The Dead Zone: Lotto Fever
Anyway. Back to this week's episode! Sarah Bannerman (Nicole deBoer) fans will be happy to see that she is back, and she is just as perky and chipper as ever. I admit that I love Sarah Bannerman, so I was happy to see her back. Nicole deBoer has a rather thankless job as Johnny's former fiancee and the mother of his child. She doesn't have much to do on the series now, but it would be very hard to explain a permanent absence if she disappeared. So, she pops in from time to time and chops things up in the kitchen. That can't be very interesting for the actress.
This episode sees Johnny returning from a trip to Boston. He is tired and wants a shower and his pillow. So, he turns down an invitation to have dinner at the Bannermans' home. Just as he hangs up the phone, the doorbell rings, and a man with a gun charges into his home, wondering if Johnny remembers him. Well, one touch is all Johnny needs to remember. He ran into mailman Boyd Lumley (this episode, has it all, including the armed, unhinged mail carrier) at a convenience store. Johnny had been on a pay phone trying to get a phone number for Chinese food. Why was he on a pay phone instead of his cell phone? The entire episode hinges on whether or not Johnny had been on that pay phone, but doesn't really explain why, in this world of cell phones, he wasn't using his cell... But we will suspend our disbelief and carry on.
Boyd the mail carrier recognizes Johnny and asks Johnny to give him the winning numbers for the lottery. Johnny explains that that is not how his gift works, and escapes Boyd's clutches, leaving behind the telephone number for the Chinese restaurant. Boyd takes the number and plays the lottery with it and wins. But Boyd is not the brightest bulb in the block. He spends the money too soo, too fast. He lives fast and he's about to die young and leave a... well, an okay-looking corpse. He has borrowed money from a top money shark, and Johnny sees an iminent vision of Boyd on his knees, being shot, execution style, by a hit man.
So, Boyd, blaming Johnny for his troubles, decides that Johnny is his best bet for fixing all of the problems. I was also vaguely reminded of Tom Cruise's Collateral for some reason. Probably the car, the errands, the darkness.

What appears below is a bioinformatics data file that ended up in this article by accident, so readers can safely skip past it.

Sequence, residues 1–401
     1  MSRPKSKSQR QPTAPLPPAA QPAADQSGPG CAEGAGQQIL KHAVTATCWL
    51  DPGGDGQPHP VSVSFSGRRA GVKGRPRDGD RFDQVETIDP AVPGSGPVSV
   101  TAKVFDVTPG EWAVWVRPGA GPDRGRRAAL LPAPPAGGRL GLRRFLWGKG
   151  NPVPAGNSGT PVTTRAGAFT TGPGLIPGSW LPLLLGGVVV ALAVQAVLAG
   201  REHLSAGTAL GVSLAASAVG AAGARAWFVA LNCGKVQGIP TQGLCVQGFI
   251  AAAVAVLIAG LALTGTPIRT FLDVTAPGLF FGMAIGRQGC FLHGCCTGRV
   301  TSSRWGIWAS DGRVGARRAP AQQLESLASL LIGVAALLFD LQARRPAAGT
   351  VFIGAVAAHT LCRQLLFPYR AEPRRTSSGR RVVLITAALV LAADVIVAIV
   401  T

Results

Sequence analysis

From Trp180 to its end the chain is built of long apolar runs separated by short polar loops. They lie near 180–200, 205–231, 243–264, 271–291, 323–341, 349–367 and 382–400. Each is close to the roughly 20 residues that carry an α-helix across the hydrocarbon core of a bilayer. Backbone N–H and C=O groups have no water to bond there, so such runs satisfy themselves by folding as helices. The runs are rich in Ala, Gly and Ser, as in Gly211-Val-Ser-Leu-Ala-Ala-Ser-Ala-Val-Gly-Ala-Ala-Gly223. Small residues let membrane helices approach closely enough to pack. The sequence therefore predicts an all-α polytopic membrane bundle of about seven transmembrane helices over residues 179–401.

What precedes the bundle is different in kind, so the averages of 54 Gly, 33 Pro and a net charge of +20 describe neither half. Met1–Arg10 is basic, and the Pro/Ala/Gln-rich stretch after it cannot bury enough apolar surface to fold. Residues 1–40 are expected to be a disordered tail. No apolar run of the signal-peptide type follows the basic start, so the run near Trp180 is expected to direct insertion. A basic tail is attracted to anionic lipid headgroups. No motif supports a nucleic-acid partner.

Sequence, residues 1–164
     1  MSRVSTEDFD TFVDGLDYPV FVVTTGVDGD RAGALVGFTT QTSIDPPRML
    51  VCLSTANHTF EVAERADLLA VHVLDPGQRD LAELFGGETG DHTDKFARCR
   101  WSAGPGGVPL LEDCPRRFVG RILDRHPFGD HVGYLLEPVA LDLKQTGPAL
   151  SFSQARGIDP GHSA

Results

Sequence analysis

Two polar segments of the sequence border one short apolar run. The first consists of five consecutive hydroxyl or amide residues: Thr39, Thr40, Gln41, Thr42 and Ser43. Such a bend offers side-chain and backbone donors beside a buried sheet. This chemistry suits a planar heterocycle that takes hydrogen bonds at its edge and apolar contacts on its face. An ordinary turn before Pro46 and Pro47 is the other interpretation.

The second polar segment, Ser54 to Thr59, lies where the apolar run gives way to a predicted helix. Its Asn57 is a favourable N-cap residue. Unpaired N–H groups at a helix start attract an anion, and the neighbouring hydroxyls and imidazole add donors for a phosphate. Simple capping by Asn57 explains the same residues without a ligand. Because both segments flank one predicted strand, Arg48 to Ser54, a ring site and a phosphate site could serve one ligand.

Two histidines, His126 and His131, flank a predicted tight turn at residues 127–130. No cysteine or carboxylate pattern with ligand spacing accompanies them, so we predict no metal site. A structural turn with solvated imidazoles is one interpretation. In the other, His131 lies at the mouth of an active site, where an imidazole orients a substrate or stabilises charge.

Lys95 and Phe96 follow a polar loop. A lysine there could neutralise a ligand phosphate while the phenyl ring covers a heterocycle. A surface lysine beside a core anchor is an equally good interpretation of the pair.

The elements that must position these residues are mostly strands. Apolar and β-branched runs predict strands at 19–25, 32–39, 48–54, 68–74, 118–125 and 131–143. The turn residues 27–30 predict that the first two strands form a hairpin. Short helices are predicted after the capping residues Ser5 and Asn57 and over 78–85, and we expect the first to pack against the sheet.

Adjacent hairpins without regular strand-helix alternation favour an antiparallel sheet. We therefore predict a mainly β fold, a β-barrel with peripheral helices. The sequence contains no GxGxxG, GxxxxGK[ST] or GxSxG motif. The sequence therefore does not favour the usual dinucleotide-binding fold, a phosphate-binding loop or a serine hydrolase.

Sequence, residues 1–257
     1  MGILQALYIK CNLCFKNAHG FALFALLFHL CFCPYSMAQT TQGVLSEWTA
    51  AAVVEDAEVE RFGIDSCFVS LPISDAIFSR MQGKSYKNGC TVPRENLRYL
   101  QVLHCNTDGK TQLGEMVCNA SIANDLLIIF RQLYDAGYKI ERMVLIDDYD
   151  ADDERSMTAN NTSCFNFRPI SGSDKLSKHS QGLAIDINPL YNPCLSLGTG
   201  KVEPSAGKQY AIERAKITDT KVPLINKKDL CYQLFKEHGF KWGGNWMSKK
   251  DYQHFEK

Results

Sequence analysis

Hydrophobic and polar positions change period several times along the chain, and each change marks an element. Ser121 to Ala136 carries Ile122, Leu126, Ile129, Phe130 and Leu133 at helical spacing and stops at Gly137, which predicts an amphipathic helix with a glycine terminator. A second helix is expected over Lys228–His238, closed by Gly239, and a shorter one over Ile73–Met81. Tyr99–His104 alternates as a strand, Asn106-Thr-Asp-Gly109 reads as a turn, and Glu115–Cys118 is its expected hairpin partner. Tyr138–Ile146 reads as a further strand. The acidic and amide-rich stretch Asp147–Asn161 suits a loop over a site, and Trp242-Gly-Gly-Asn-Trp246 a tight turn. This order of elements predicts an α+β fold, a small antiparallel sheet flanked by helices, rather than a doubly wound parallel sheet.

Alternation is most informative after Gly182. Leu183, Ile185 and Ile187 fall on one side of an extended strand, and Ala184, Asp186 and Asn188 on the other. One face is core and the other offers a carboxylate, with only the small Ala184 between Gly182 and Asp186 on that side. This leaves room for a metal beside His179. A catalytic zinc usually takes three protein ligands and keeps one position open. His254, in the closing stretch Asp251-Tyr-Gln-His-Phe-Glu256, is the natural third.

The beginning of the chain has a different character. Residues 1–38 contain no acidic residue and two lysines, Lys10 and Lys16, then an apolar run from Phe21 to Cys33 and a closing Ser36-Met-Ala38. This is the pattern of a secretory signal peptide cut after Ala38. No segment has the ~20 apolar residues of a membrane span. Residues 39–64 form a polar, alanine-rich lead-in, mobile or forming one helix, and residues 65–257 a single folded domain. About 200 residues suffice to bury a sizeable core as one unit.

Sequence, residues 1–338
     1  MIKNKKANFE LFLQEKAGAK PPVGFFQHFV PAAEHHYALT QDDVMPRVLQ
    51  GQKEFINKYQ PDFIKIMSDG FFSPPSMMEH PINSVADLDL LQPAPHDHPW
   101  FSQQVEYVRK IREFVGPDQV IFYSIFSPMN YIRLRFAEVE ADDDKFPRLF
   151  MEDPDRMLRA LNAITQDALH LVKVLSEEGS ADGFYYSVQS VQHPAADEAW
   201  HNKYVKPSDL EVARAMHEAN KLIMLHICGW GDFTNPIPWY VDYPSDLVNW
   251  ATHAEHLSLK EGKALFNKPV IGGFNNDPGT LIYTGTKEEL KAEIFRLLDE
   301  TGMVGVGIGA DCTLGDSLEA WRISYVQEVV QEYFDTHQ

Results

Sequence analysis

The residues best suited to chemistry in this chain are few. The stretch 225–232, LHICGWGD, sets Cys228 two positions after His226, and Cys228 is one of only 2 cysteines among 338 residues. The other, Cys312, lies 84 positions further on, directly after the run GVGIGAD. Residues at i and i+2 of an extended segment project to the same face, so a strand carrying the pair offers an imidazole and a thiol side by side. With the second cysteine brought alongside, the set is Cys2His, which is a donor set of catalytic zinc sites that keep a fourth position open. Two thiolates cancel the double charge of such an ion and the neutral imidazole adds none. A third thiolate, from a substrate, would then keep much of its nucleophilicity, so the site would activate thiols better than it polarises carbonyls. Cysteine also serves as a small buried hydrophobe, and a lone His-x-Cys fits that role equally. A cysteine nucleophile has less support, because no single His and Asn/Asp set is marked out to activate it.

Boyd and Johnny embark on a number of adventures. Boyd's car is repossessed at a gas station, so they steal a taxi. They change into hideous looking prom/formal clothes and crash a country club party, and rob a CPA, who keeps all of his money in a safe in his house. Then, they start on a farewell tour of Boyd's life. He goes to his estranged wife's house and has a tender moment with his wife and daughter (who has a midnight piano recital they invite Boyd and Johnny to attend. This kid looks like she is in sixth grade, and she is having a midnight piano recital? I will just assume this happens in cities larger than the one I live in, even though Johnny's town in Maine... well, okay, but we are suspending our disbelief, right?). Then, they steal Boyd's wife's car.
In the meantime, while they were at the gas station changing into their prom clothes, they had run into Walt Bannerman, the local sheriff. He knows that Johnny blew off their dinner invitation, so naturally, he is puzzled by seeing Johnny dressed up in a tux at the gas station. Johnny, thinking fast, introduces Boyd Lumley as an old friend from high school. Walt mentions him to Sarah at home, and she doesn't remember a Boyd Lumley, so Walt starts to become suspicious. He is called in to watch security footage of robbers stealing money from a CPA, and bingo, bango, bongo, they figure out that Boyd is holding a gun on Johnny, and start to try to figure out how to catch and stop them.